RRP Enforcement: 7 Predictions
Frustrated by EPA’s general failure to enforce the RRP rule? You and more than 400,000 other professionals who’ve received certification training. Collectively, your biggest gripe involves the uneven-playing-field argument: Competitors that don’t following the rule maintain a pricing advantage by not having the training, overhead, material and labor costs that you do.
It will take time, but enforcement is on the way -- not because the EPA is consciously cracking down, but because the rule’s residual effects are building momentum. The seven catalysts enumerated below will lead to an increase in the number of violations that are reported and require action, either by the EPA or the states. If you are concerned about your costs of doing business now, I’m afraid that you haven’t seen anything yet.
1. From Delegated States, Stronger Enforcement
EPA has authorized nine states to administer their own RRP programs: Iowa, Kansas, Massachusetts, Mississippi, North Carolina, Oregon, Rhode Island, Utah and Wisconsin. Last month, when Massachusetts joined the list, the state’s regulations embraced not only the EPA-required “Certified Renovator” training, but also many OSHA-related considerations that the EPA’s RRP rule had omitted.
In a recent blog, RRP trainer and business coach Mark Paskell shared a story of a Massachusetts painter who was visited by a state safety inspector after a neighbor called the safety division with concerns about soil contamination on the painter’s project. The contractor was in compliance with the state RRP, and he made out fine, but the inspector left him with a message that he asked the contractor to share:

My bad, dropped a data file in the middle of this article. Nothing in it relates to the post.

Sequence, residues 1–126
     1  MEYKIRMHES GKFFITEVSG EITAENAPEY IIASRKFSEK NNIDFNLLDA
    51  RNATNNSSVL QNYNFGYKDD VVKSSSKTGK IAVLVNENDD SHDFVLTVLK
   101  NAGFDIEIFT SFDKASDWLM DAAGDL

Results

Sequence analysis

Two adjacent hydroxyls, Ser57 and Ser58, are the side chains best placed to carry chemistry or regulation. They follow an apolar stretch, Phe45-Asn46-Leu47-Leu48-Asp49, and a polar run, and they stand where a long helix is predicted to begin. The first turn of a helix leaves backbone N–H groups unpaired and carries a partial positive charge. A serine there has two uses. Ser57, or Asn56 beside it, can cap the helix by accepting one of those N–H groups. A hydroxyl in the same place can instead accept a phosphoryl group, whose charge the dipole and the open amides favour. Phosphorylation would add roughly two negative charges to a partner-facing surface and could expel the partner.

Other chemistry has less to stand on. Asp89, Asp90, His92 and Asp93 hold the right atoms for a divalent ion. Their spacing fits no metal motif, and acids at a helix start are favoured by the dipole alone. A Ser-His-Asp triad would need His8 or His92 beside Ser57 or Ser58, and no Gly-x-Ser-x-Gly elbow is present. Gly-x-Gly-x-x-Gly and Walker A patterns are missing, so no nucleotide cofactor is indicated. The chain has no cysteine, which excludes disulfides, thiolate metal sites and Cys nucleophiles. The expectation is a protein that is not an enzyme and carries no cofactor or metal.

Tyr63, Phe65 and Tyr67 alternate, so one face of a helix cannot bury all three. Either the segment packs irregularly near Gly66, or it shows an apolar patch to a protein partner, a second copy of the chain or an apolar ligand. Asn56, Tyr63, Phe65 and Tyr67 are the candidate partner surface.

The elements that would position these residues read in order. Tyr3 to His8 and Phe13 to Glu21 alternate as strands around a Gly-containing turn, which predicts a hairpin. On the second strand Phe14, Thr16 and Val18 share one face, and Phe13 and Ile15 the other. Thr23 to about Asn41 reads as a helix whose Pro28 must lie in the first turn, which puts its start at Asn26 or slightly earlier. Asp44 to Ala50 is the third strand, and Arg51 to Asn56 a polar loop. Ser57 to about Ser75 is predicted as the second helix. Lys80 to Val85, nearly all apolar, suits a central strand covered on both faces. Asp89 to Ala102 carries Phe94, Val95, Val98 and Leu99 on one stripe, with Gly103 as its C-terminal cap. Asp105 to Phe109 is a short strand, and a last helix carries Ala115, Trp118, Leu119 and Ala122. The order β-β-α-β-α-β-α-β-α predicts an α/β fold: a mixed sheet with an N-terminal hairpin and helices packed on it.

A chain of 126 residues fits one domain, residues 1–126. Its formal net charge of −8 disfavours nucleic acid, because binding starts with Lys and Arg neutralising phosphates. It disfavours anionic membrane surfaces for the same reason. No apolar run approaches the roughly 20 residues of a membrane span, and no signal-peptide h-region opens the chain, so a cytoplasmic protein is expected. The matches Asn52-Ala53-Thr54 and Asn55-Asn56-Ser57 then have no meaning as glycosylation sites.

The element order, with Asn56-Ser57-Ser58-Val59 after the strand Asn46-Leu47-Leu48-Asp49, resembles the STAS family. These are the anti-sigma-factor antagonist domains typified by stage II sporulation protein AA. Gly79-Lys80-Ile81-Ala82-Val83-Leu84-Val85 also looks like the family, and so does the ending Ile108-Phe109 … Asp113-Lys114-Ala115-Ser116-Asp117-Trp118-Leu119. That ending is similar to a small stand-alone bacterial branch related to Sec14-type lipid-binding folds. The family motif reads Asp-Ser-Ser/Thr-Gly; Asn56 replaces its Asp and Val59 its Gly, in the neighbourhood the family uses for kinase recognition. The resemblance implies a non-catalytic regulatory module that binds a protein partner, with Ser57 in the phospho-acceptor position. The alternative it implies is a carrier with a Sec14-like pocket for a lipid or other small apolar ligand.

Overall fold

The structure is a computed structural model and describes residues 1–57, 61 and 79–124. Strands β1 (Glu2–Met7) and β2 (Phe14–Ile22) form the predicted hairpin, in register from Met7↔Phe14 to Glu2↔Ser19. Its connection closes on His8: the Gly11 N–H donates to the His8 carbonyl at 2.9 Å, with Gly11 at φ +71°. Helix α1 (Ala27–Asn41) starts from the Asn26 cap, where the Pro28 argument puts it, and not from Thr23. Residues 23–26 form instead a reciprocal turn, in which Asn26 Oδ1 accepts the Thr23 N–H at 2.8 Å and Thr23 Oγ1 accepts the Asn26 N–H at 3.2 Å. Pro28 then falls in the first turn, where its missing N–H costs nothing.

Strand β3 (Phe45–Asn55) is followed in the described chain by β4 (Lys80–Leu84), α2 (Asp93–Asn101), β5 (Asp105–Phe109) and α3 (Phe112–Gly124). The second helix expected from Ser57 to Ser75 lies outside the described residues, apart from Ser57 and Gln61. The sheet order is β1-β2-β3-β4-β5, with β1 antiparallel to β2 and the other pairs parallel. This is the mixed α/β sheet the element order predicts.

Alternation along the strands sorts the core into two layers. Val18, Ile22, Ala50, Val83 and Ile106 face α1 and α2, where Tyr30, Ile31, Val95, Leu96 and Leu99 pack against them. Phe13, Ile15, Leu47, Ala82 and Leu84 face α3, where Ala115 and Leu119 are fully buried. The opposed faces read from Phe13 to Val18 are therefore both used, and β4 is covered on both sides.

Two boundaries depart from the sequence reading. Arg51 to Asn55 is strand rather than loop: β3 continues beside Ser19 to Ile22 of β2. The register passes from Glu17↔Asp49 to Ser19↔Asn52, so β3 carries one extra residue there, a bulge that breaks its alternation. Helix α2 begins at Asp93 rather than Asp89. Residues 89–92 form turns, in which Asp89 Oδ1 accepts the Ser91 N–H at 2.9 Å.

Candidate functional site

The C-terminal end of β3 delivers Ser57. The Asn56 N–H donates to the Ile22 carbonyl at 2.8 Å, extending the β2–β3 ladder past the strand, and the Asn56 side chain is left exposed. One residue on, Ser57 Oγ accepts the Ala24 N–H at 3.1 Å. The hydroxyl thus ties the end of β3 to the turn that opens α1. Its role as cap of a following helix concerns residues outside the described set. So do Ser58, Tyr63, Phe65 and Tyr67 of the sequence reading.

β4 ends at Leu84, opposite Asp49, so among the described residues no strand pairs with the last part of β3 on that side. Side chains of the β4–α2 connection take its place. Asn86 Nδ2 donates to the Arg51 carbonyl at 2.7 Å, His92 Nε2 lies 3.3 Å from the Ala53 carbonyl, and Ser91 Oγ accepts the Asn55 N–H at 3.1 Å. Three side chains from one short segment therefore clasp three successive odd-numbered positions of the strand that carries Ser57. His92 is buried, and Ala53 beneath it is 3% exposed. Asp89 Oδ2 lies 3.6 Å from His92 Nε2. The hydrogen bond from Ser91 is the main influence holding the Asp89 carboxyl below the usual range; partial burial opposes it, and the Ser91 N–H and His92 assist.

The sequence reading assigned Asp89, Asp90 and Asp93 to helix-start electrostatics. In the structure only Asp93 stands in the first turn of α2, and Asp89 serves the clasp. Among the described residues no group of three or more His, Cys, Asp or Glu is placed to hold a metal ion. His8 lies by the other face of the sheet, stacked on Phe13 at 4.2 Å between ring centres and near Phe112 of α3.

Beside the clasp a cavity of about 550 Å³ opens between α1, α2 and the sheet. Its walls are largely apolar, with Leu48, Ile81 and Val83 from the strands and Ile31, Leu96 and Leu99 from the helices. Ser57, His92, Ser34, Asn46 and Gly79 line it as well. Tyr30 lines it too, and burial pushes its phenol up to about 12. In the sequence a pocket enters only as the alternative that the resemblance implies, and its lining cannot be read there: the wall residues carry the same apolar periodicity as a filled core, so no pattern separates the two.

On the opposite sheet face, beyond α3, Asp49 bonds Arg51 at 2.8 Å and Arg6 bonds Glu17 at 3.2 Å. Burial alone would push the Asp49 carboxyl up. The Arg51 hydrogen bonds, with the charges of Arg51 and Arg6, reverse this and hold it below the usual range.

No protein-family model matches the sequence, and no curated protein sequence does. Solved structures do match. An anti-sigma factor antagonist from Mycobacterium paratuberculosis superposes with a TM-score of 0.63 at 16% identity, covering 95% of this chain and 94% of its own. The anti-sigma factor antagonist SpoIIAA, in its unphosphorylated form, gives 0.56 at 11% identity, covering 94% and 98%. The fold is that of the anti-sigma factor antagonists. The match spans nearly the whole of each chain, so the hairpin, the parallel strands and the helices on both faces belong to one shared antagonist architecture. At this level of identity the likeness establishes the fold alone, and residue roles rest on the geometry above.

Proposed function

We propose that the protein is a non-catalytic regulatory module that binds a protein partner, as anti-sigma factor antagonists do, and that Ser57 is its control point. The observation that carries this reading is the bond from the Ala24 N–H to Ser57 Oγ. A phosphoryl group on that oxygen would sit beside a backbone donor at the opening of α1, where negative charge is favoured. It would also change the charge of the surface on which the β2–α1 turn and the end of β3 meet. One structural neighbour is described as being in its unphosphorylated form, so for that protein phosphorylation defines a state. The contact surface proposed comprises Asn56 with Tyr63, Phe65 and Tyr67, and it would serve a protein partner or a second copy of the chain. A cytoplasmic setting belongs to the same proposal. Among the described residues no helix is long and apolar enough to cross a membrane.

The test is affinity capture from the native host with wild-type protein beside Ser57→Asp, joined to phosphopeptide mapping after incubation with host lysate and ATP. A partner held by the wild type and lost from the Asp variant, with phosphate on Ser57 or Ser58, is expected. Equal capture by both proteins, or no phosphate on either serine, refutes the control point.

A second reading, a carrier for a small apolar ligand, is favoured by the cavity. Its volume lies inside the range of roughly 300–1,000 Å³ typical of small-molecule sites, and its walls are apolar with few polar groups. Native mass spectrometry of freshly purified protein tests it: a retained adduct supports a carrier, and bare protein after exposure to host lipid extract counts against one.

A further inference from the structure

"Tell every contractor you know we're out there enforcing. Tell your friends, your neighbors, contractors you know, suppliers and trades. We are here and we will enforce the new law."
2. OSHA Will Be Watching
Speaking of OSHA, the RRP’s required work practices trigger new safety considerations, such as the risks of working on a surface covered with plastic. Of bigger concern should be “official” misinformation. For example, if you have employees, you could get into trouble with OSHA if you use the sample signage (required to be posted outside contained work areas) that is included in the EPA approved training manual. Per OSHA, you must also tell employees what these signs warn, and your signs must also instruct the employees not to smoke, eat, or drink in a work area assumed to contain lead.
Check out this article by Dick Hughes, of Excellence in Safety, for a list of other OSHA requirements left out of the RRP rule.
3. From Nervous Neighbors, Calls of Alarm
Public awareness of lead-paint risks remains low but is increasing -- but not necessarily in helpful ways. For instance, the EPA’s “public awareness” campaign warns people of the dangers of lead but does little to inform them about the RRP. In effect, it could frighten people while basically leaving them ignorant of their options.
Warning signs and barriers that the RRP requires being placed around containment areas are also raising concerns, and are likely to cause some people to react out of fear. As a result, I predict that contractors will be reported -- and face inspections -- even if they are fully compliant with the law.
4. Insurance Coverage: Harder to Get, More Expensive
Tom Messier, of Mason and Mason Insurance, tells me that insurance companies are finally becoming aware of the RRP rule. Insurance is all about risk, of course; the greater the risk, the higher the cost of insurance.